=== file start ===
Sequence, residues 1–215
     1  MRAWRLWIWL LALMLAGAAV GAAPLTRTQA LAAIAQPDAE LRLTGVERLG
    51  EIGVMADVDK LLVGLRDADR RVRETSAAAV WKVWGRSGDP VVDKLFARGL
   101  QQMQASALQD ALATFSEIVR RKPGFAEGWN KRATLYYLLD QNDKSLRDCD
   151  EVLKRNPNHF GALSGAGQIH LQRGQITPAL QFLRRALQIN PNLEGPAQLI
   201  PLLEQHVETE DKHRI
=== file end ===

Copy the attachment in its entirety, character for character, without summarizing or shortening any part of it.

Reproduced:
Sequence, residues 1–215
     1  MRAWRLWIWL LALMLAGAAV GAAPLTRTQA LAAIAQPDAE LRLTGVERLG
    51  EIGVMADVDK LLVGLRDADR RVRETSAAAV WKVWGRSGDP VVDKLFARGL
   101  QQMQASALQD ALATFSEIVR RKPGFAEGWN KRATLYYLLD QNDKSLRDCD
   151  EVLKRNPNHF GALSGAGQIH LQRGQITPAL QFLRRALQIN PNLEGPAQLI
   201  PLLEQHVETE DKHRI